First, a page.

These 4 colleges are enrolling Puerto Rican students tuition-free

Brown University
Yiming Chen | Getty Images

It's been seven weeks since Hurricane Maria devastated Puerto Rico with 150 mph winds and feet of rain. The Universidad de Puerto Rico (UPR), the largest public university system in Puerto Rico, is open but some services are interrupted, leaving 58,000 UPR students with uncertainty about their educations and the future.

To help students bounce back, multiple colleges across the U.S. are accepting Puerto Rican college students, tuition-free.

Trees block the main entrance, leading to the historic clock tower, at the University of Puerto Rico, Rio Piedras campus, after Hurricane Maria on September 22nd 2017.
Pablo Pantoja/Anadolu Agency | Getty Images

New York University

On Thursday, New York University (NYU) introduced the Hurricane Maria Assistance Program, which will provide 50 Puerto Rican students with free tuition, free housing, health insurance and a meal program for the 2018 spring semester.

"The situation in Puerto Rico is obviously something that we've all been watching with great concern over the last several weeks," NYU president Andrew Hamilton told the New York Times. "We're pleased to be able to do this."

Tulane University

Tulane University in New Orleans, Louisiana, was one of the first universities to offer this kind of assistance to Puerto Rican students. On October 13th, Tulane announced that it would offer Puerto Rican college students a tuition-free guest semester.

Jeff Schuffman, Director of Admission at Tulane shared in a blog post, "After Katrina, universities and colleges around the world took in our students with open arms; it's now our turn to pay it forward and assist students in need."

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Cornell University

Cornell University announced on October 30th that up to 58 students from UPR will be accepted to attend Cornell for the spring 2018 semester for free, including tuition, room and board.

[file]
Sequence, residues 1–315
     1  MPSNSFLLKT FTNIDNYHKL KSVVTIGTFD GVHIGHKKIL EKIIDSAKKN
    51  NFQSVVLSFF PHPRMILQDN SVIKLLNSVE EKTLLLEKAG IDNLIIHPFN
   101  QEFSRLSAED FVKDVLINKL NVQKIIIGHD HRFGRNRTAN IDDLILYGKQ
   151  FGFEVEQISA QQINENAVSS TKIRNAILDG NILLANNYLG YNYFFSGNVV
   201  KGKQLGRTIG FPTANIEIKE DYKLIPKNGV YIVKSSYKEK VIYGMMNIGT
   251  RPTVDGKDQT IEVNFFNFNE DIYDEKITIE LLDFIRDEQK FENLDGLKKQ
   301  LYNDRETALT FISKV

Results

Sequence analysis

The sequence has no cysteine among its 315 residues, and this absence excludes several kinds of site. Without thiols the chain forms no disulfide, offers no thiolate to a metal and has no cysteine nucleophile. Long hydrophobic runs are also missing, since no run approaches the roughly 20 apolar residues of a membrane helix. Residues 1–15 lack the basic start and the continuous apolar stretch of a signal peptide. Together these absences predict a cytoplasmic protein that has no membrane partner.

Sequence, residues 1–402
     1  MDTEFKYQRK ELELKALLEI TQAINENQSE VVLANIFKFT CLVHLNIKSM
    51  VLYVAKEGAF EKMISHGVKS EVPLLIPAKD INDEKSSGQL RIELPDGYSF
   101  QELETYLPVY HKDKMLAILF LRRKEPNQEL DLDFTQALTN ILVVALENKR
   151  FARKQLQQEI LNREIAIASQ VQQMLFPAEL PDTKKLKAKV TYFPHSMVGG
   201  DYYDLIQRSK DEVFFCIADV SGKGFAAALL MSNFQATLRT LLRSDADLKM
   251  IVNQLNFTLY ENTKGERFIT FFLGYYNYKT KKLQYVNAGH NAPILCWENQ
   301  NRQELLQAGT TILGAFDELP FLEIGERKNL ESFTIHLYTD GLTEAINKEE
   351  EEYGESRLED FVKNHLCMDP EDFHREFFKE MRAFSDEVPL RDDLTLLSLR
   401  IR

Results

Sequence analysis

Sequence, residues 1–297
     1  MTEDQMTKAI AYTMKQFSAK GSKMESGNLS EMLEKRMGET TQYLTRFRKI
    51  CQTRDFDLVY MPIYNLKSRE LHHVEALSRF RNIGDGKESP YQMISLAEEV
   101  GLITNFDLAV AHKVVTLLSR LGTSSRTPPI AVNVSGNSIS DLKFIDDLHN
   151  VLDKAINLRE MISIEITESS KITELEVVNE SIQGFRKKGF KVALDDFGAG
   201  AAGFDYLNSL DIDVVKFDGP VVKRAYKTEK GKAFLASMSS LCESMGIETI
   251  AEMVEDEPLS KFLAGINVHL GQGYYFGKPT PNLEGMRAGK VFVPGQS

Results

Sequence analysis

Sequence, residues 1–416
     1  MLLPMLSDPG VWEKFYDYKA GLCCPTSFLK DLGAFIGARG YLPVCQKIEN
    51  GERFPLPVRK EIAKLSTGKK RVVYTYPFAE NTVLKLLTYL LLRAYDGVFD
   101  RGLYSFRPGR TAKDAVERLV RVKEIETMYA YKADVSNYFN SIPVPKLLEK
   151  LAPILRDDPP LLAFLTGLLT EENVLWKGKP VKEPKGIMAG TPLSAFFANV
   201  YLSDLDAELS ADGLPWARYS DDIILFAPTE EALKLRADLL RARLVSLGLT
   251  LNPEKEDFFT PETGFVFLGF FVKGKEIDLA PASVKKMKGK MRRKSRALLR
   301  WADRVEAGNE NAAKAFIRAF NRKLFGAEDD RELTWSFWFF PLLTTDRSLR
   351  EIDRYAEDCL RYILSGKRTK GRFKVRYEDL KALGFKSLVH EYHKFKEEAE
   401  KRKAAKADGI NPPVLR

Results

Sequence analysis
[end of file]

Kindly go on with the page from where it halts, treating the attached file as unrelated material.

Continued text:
"These young people, and nearly everyone in Puerto Rico, have gone through a terrible trauma," said Cornell President Martha E. Pollack. "This is our way of reaching out to them and our university colleagues in Puerto Rico to show we stand with them and their families during this difficult time in their academic, professional and personal lives."

Brown University

In the wake of Hurricane Maria, Brown University shared that it would accept 50 UPR students. According to Brown's website, "Brown will not charge tuition or fees and is assisting with travel and providing housing."

"Our entire community has been deeply moved by the devastation that Puerto Rico has suffered," said Provost Richard Locke. "Partnering with the University of Puerto Rico offers the opportunity for us to welcome exceptional students and scholars to College Hill to continue their research and education while their campuses work to reopen."

UPR chemistry major Andrés Martínez-Muñiz is one of the students who has been selected to attend Brown for free.

"The students at University of Puerto Rico have had to put their careers on pause and are at the mercy of something they can't control," he said. "Brown is working to minimize that effect and to offer opportunities to students affected by this natural disaster… This is what universities should do — open their doors and help."

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